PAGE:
Thursday, April 03, 2008

Did you have 'Phorm'?

Well, more than 18,000 of you (i.e. 18,000 accounts with an unknown number of subscribers behind those) did, BT customers to a man, woman and Bassett Hound. But you'll never know. BT didn't keep the records of who they subjected to this dubious privilege. (Ed notes: Well, unless you check your browser for Webwise1 cookies.)

So the great Phorm saga continues with a significant presence on this morning's BBC Breakfast show, with quite a concentration of attention on the BT trial - was it legal? Was it moral? Did it work?

Kudos to the female presenter for giving the latest mendacious Phorm apologist, Emma Sanderson from BT, a hard time.  Fewer brownie points, however, to the reporter, Julia Caesar, for an unconvincing and inaccurate description of Phorm.  It doesn't record your search terms, I am afraid, it processes, analyses and records summaries of everything it can get its dirty mitts on (which is pretty much everything, folks.)

Okay, so we don't know quite a lot about how this works, yet, and I am really looking forward to Richard Clayton's report following the Open Rights Group's meeting with Phorm last week.

What do we know?
  • Phorm redirects your HTTP requests (apparently via some horrid proxy redirects2 or some DNS chicanery3), and looks for a Webwise cookie.   If you don't have one, you get one (possibly not if you are a Talk-Talk customer).

  • It intercepts the returning webstream and processes it, unless you have opted out, to see into which of their advertising categories the page falls.  It then records this data against your cookie value.
  • If the target website is an OIX customer, you will get an add inserted.  If you have not opted-out, this will be based on your previous surfing history, if you are opted-out, it will be randomly selected.
What are the concerns?
  • Phorm, themselves, have form - they used to be 121 Media Inc.  121 Media produced a product that placed ads on your system and used rootkit technology, apparently this, to stop it being easily removed.  They say 'adware', many say 'spyware'.  They say 'potatoe', many say 'potato'.

  • Phorm is potentially (i.e. it cannot stop itself from) processing personal data under the meaning of the First Principle of the Data Protection Act 1998 and therefore must justify the conditions in Schedule 2 of the Act.

  • Phorm cannot prevent itself from capturing, analysing and, therefore, processing, sensitive personal data under Section 2 and Schedule 3 of the Act.

  • The interception of the HTTP stream is, itself, clearly in breach of Section 1(1)(b) of the Regulation of Investigatory Powers Act, 2000 (see also s2(2)(b) for a definition of interception).  Unless BT (not Phorm - the ISP are doing the interception, I suspect) have 'lawful authority'.  This is hard - especially as they are a public telecommunications provider, therefore don't have access to the exclusions in 1(6).  So how can this be legal?  There are two options,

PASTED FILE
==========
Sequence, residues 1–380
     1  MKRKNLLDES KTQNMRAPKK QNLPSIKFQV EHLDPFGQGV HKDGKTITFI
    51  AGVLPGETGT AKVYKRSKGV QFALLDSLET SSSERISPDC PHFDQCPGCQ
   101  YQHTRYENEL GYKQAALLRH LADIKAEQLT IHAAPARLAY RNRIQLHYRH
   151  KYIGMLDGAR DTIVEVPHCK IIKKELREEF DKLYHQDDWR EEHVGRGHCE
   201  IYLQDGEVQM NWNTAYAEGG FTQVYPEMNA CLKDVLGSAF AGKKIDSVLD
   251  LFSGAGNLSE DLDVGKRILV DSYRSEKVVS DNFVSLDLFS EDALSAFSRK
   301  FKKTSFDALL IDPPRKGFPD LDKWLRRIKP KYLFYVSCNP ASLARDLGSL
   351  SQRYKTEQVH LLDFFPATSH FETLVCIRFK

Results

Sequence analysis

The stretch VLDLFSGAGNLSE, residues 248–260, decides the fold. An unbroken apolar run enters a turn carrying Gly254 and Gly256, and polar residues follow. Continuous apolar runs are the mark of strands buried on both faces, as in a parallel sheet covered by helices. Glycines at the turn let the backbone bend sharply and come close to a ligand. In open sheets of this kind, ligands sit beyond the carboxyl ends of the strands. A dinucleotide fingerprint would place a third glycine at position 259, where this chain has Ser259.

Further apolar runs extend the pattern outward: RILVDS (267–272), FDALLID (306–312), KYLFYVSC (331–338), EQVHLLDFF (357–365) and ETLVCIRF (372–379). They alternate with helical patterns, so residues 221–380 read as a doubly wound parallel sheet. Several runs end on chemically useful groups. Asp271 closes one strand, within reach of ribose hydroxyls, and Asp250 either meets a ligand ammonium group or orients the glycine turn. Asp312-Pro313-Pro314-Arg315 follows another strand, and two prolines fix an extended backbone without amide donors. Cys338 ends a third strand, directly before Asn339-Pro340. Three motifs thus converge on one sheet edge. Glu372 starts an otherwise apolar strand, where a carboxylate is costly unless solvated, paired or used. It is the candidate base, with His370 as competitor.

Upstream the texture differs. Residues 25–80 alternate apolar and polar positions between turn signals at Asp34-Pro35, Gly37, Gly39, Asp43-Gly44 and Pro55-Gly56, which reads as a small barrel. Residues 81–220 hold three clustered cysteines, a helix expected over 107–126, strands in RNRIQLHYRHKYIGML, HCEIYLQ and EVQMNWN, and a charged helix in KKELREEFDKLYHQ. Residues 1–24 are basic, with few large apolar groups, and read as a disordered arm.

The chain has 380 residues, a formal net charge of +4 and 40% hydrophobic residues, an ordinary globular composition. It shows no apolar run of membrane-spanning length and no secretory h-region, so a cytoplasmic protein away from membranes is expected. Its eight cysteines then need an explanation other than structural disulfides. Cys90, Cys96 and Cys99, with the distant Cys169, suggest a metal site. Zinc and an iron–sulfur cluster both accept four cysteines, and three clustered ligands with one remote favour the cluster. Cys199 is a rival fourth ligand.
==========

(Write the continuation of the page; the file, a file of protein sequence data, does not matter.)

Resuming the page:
• s3(1) - consent - which requires both parties (browser and server).  There are also concerns that even if the subscriber consented in a contract, that they cannot provide the appropriate explicit consent for anybody who uses that service (we, for example, have an old laptop in our guest room for visitors to use.)

    • s3(3) "it takes place for purposes connected with the provision or operation of that service". I'll let the lawyers argue about that one but it certainly isn't clear that it is legal - it would be difficult to argue that provision of adverts was a vital part of the service but they may argue that the limited anti-phishing capability counts.

    We'll see how this one pans out in public and, but hopefully not, in the courts.

  • Phorm claim that their stored data is not personally identifiable and have gone to significant trouble to get 80/20 Thinking (not Privacy International although the staff lists are fairly congruent) to do a Privacy Impact Assessment.  The determiner is whether anybody holds a list that associates the Phorm cookie identifier with an individual.  As Ben Laurie points out, this would be trivial for the ISP to do, especially with the Phorm monitoring kit already installed.

This is I have to say, enough for me to consider changing ISP - if Virgin Media do implement Phorm, I will shift from cable to broadband, probably for my phone service too. As well as LightBlueTouchPaper, for the forthcoming technical analysis, can I also recommend BadPhorm, for more background (and a list of ISPs who have pledged not to go near this mendacious spyware with the proverbial bargepole) and Dephormation for a Firefox plugin that will help you avoid damage iff (Ed notes: yes, that is not a spulling mistook) you end up subjected to Phorming.

Update: And this in from el-Reg.

1. As a (NTL / Blueyonder / Virgin Media / whoever it is today) customer, it is nice to see that their logo is no longer on the home page of this site.

2. See this
/. comment.

3. But as an ex-BT customer, I run my own DNS servers? Would they still manage to capture my (and my family's) browsing?


Phorm Comms said...

Hi there
I work as part of the comms team on behalf of Phorm here in the UK. To respond to a copuple of your points, firstly we have developed Webwise to protect users privacy, delivering relevant ads without compromising on privacy online. As a result we do nto record or process everything. n fact all that is stored is a random number, advertising categories and a timestamp - that is it. No personally identifying information. No IP addresses, no emails, no names. By comparison, search engines store your IP address, search queries and details for over a year, without even anonymisisng it.

It’s not correct that Webwise will intercept and analyse all data traffic. There’s a ton of information that we do not process from email (and webmail) to medical conditions, etc. We only use a small proportion of the data to match an ad to an anonymous web browser. We don’t know who you are or where you’ve been – were only interested in showing you an ad for everyday products and services. And we’ve run various experts through our system to verify that we do not store any personally identifiable information, do not store IP addresses and do not retain browsing histories.